grav_ity: (star wars team i ship it)
This is a Middle Grade, in the style of Rey's Survival Guide (which was amazing and made me cry more than once), except I didn't like this one as much. It was more a straight up summary of the movie and the comic (which I hadn't read yet, so I also accidentally spoiled myself!). Much as it pains me, you can probably just skip this one.

(There is a glorious section where he repeatedly laments having lost his jacket, but still.)

I hope the Finn one (in the mail, arriving at some point) is better.
grav_ity: (enterprise)
I liked this one a lot. I think it's the first adult book I've read in...well, a while (not counting The Order of the Air, which are, like, DESIGNED SPECIFICALLY FOR ME, I mean, kinda), and I was super worried I wouldn't like it, but then I did.

Anyway: crew of not-quite misfits on year-long journey in space, shenanigans ensue (or don't, as the case may be. This book had great use of pauses). They've all got secrets, they've all got pasts, some of them have super questionable romance options...it was really well done.

I also really like space operas where humans are not The Great Saviours Of The Galaxy, so that was super fun. And there was interesting intra-human politics, depending on when they left Earth which I ALSO really enjoyed. Basically, the world-building was excellent, regardless of which world Chambers was talking about.

I did read several reviews complaining about the pacing, but honestly I am not too fond of that method of critiquing a book. Usually I think that if you don't like the pacing, it means you and the author have different ideas of what's important to the story. In the case of PLANET, apparently I agree with Chambers, because I thought the pacing and construction was fine.

There's a second book which I will get to, but this book is really well contained, so I am not in a rush.

Highly recommend this.
grav_ity: (River)
THIS BOOK.

THIS BOOK.

I am really hit or miss for Middle Grade, but Kelly wrote a FANTASTIC book here. Her politics and values are seamlessly woven into a plot about magic, legacy, inheritance, horror, and the things we do for love (even when they can go very, very badly). And absolutely STELLAR world-building. And I know that sometimes "worthy" MG books aren't actually books kids enjoy, but I think this is one of the ones that manages to do both. It tackles HUGE issues and has wonderful moments of humour and fun, and the issues are dumbed down any more than the fun is off-putting. It was just so, so good.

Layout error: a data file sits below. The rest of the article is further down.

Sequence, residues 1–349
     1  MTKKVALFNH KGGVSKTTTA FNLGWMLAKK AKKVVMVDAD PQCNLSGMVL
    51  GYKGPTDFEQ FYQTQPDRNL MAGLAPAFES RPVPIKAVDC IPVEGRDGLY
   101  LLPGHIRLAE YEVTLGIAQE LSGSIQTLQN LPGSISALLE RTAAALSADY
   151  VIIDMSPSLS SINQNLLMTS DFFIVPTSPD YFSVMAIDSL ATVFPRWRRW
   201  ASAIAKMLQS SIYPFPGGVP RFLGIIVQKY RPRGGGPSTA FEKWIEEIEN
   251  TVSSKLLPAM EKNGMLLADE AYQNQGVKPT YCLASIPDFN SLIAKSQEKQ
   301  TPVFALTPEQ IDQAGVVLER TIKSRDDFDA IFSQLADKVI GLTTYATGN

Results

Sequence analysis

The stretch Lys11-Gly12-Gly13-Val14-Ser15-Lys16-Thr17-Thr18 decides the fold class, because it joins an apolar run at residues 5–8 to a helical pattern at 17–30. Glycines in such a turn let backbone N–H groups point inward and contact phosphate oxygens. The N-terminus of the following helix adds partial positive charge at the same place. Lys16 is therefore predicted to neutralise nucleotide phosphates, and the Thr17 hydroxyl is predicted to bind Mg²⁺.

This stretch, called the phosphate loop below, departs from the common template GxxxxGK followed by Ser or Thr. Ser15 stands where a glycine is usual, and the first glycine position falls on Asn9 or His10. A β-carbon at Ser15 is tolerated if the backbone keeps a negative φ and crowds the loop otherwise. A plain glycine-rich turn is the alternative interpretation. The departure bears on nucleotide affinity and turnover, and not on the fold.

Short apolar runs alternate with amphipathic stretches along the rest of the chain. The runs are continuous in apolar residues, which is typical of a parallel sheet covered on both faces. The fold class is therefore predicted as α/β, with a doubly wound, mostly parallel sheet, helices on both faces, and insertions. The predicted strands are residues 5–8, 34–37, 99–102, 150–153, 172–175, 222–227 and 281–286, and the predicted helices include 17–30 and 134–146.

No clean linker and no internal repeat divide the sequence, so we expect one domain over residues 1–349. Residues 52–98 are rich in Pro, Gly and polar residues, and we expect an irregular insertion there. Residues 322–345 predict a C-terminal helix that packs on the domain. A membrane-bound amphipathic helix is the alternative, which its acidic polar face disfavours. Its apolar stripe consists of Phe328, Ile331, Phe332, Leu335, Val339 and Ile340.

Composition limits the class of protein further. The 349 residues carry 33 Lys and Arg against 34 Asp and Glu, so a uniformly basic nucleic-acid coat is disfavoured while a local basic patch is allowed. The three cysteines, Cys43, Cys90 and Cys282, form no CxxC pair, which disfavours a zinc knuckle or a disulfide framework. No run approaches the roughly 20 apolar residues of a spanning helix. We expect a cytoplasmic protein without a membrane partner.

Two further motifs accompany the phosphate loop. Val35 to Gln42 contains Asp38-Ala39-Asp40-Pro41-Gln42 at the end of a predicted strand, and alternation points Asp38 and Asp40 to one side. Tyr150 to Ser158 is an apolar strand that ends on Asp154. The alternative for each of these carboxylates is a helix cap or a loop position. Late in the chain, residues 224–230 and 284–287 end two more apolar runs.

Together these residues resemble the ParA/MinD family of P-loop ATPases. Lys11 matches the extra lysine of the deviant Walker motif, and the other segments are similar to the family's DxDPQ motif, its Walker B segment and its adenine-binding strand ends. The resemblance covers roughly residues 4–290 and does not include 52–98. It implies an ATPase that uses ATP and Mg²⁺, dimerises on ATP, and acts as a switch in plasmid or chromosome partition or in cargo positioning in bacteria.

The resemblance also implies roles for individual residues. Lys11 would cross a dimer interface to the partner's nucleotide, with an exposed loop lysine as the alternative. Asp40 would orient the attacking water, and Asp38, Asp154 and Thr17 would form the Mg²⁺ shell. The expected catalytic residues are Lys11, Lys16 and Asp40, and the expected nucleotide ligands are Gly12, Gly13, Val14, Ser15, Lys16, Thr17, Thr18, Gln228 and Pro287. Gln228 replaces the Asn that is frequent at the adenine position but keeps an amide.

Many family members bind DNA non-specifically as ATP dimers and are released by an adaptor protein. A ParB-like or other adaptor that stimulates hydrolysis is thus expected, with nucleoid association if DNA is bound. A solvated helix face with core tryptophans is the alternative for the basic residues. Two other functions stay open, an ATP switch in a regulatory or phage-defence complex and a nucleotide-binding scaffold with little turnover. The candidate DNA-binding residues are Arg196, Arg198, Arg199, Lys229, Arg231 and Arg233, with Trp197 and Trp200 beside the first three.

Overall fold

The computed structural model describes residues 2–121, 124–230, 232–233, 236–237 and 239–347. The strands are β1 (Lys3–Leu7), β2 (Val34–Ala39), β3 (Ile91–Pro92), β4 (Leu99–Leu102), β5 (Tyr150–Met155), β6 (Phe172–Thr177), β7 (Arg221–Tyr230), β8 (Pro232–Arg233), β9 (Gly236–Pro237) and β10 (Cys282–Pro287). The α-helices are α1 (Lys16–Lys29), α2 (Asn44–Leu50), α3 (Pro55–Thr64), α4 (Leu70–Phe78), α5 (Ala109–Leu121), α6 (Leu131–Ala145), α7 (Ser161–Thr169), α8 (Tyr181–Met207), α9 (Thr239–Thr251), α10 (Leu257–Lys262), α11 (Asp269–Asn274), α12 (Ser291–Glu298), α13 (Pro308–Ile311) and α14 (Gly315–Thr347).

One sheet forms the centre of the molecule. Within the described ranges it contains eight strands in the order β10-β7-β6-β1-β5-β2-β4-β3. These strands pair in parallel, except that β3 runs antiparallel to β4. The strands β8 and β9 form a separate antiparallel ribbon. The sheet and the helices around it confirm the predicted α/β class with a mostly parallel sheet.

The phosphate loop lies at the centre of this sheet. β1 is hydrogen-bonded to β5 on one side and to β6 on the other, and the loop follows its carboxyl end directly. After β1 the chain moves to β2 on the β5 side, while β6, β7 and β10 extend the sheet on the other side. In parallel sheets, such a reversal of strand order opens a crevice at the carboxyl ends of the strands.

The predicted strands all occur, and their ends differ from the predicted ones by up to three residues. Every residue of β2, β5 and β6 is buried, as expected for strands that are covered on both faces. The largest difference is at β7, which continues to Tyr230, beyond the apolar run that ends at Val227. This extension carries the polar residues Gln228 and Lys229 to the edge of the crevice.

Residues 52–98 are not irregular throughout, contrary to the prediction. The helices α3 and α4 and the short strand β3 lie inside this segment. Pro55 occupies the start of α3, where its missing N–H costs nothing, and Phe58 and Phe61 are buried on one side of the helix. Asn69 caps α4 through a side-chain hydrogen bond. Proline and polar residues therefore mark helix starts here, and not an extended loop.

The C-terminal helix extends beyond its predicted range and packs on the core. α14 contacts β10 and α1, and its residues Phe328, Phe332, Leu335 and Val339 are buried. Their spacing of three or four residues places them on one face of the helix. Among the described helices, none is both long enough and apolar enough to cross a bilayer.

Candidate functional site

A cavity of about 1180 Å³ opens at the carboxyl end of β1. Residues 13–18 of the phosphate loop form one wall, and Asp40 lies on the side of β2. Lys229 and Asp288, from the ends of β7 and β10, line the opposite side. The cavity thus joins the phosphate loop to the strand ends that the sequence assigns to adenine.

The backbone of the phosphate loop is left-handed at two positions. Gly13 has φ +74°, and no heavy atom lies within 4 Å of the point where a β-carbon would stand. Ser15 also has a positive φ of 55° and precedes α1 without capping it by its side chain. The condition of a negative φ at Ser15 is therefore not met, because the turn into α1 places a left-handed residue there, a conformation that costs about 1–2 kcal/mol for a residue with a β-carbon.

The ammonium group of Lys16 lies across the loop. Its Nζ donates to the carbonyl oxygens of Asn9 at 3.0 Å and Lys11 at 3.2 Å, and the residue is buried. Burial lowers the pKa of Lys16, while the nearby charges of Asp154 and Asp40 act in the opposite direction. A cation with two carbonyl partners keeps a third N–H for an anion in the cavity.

And also there's a really excellent Simply Enormous dragon.
grav_ity: (books)
So much backstory. So much backstory that I wished I was reading a novel instead, because I found it difficult to follow (with my eyes, I mean, not the actual plot. I remain, it turns out, terrible at reading graphic novels). But it was freaking beautiful and Coates is wonderful, and I'm going to keep reading them because 1) I want to know, and 2) I want Marvel to keep making them. So.
grav_ity: (avengers)
ARGH, renumbered comics are so bizarre. Also, they had to rehash the backstory a lot? Maybe that's normal? I don't know.

Anyway, I continue to really like this series. It's super on the nose and I don't care. I really, really love how both Thor AND Jane are important people with important work to do, that cannot be done by the other.

I remain, to the surprise of no one, entirely lukewarm on Loki.

But I'm interested in seeing where it goes!
grav_ity: (PHENOMENAL COSMIC POWERS)
This is one of those books that I can totally recognize the brilliance of, from a craft perspective, even though it did absolutely nothing for me. It's a contemporary thriller, and I really liked several of the characters. Also, Kuehn's writing is absolutely stellar. Not liking the book is 100% on me, so if you like dark and twisty, you will probably like this one.
grav_ity: (books 2011)
This was an interesting one for me, because it kind of showcases how much I will forgive if 1) the MCs are both girls, and 2) one of those girls can light things on fire with her brain.

(The book had two of my ultimate pet peeves: general incompetence from characters who should be better, and a girl who is "better than other girls" because she doesn't like girly things, or want to do her job.)

So while the world-building didn't work for me, I really liked the romance. And the part where Denna could light people on fire with her brain. I'm not sure if it's a series (the book ends nicely, but there's plenty of room).